Website Localization: Factors to Consider

The Emergence of Brazil

With nearly one-third of the world population using the internet, more and more opportunities are arising for people to communicate and for companies to reach new markets. Adapting an e-commerce website to a new locale has become an essential way for online businesses to survive and thrive in new markets. In an insightful post from the GPI Translation Blog, we learn first hand some of the strategies that go into localizing a website for a new locale; specifically Brazil.

Brazil will be in the world spotlight in the coming years with the 2014 World Cup and the 2016 Summer Olympics in Rio de Janeiro. China gets the headlines as the next economic superpower, but Brazil lies-in-wait as another market ready to explode. With a current base of 50 million Internet users, Brazil presents an excellent business opportunity for companies. But what specifically must be done to sell to these new consumers? Selling strategies in the United States do not stick in Brazil; new approaches must be developed.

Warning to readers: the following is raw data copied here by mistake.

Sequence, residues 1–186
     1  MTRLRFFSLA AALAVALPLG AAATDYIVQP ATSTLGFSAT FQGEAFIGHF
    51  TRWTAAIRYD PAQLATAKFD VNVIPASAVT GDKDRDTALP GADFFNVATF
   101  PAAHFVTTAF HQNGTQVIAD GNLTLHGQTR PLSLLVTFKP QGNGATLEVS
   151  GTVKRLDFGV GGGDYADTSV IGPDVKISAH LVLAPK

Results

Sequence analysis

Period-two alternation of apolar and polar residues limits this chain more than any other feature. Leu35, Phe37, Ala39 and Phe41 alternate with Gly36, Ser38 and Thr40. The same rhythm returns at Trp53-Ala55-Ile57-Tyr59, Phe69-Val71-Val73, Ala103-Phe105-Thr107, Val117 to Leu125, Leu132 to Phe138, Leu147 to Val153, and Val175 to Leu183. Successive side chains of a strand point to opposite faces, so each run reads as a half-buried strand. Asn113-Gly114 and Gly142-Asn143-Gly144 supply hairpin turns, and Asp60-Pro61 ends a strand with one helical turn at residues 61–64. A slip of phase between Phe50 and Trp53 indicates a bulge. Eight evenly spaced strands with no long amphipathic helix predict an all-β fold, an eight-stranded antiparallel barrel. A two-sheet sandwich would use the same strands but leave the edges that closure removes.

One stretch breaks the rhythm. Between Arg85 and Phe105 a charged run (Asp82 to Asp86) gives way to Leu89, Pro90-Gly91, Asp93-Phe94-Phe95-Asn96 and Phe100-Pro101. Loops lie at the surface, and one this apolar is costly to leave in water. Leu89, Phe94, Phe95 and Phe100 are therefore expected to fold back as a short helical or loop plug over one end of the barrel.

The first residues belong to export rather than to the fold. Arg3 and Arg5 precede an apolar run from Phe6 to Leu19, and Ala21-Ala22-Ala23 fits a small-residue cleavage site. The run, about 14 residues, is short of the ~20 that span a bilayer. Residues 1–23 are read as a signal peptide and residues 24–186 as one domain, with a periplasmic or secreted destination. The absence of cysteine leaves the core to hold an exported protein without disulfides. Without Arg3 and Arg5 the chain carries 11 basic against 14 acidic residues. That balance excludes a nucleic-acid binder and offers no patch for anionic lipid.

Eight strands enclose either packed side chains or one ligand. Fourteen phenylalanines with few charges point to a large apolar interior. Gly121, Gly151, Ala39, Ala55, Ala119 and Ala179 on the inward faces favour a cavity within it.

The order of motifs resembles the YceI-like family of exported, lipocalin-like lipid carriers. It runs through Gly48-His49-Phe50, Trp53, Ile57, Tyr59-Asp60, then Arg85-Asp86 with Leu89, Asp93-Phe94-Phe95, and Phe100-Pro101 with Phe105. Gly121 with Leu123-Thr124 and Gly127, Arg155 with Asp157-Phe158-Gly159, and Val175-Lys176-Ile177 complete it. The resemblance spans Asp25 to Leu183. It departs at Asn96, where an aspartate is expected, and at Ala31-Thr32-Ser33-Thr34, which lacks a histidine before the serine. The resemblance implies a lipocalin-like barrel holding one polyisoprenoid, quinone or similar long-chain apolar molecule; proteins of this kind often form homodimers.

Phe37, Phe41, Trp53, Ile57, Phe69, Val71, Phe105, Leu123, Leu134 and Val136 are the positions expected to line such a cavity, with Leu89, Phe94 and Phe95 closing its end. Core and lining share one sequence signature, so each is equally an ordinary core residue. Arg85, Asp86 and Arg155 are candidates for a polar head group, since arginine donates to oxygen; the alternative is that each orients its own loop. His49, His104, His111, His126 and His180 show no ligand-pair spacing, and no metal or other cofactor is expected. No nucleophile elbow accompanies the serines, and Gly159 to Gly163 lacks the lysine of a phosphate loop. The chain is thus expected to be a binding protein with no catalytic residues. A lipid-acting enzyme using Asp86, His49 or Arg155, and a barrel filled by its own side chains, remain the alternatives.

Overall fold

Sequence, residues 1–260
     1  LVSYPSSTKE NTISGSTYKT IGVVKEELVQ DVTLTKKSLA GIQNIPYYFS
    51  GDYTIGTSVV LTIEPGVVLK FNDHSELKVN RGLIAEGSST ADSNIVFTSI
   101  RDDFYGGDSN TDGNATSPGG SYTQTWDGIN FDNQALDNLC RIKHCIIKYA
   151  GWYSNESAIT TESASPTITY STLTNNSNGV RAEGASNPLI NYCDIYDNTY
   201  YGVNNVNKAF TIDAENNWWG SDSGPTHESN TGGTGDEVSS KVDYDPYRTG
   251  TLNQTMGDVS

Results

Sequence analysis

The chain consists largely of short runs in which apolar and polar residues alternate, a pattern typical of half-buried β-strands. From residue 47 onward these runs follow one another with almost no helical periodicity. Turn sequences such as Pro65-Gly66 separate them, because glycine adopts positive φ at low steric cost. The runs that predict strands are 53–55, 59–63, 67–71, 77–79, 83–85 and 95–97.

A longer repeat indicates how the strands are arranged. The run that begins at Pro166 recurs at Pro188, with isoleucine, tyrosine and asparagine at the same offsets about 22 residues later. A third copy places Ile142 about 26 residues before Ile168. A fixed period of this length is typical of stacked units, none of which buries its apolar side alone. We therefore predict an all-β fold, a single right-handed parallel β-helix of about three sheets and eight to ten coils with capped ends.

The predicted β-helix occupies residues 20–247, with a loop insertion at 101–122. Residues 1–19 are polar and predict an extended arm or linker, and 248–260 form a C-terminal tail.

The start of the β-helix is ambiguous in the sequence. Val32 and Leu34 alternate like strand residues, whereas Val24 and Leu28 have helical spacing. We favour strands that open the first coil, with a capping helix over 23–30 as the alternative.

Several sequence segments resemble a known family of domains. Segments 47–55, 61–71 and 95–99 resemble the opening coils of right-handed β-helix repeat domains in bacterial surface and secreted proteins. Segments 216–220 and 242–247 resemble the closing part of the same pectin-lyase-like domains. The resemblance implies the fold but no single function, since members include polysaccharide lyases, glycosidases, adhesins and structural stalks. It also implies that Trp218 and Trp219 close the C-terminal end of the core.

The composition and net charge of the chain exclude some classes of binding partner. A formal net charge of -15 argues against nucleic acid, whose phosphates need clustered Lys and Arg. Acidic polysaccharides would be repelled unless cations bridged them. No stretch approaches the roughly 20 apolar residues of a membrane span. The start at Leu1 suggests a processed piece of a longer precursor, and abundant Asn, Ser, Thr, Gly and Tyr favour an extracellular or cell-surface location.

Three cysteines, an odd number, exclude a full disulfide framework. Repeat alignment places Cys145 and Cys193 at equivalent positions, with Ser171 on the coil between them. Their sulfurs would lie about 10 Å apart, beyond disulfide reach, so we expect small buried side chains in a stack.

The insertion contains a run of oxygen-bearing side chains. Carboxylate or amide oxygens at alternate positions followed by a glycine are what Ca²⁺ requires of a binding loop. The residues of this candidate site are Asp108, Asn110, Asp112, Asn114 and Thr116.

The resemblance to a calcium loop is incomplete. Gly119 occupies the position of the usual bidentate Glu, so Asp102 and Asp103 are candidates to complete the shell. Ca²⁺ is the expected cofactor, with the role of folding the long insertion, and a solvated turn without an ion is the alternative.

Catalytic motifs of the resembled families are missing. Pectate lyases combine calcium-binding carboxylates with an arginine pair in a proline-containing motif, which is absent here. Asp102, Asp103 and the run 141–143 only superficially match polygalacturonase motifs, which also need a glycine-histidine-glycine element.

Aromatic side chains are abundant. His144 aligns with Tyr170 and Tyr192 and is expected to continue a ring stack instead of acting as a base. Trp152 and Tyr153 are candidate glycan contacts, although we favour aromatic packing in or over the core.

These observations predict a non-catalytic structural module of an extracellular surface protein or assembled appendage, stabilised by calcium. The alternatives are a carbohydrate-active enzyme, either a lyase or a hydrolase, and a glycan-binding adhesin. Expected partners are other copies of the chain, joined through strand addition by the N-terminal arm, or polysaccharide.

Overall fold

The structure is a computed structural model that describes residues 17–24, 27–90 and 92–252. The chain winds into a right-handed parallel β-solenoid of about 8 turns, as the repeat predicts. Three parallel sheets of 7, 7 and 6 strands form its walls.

Brazilian Market

  • The Internet is predominantly used by upper and middle-classes, but government initiatives have worked to gain funding for Internet cafes to help lower income groups have Internet access.

Brazilian Consumers & Culture

  • Brazilian society places high importance on looking good and appearance.
  • Brazilians prefer goods made within their own country whenever possible.
  • Decision-making power for Brazilian women has increased.
  • Brazilians are often budget-conscious and look for the absolute best value they can find.
  • Latin cultures place great emphasis on family and community, Brazil included.
  • Brazilian culture values masculinity which can be depicted as achievement, success, adventure and fun.

Brazilian Portuguese vs. European Portuguese

  • When localizing a website for Brazil, consider many of the spelling and verb tense differences within the two main Portuguese dialects.

SEO & SEM in Brazil

  • As all marketing strategies go, Brazilian SEO campaigns need to be multidimensional.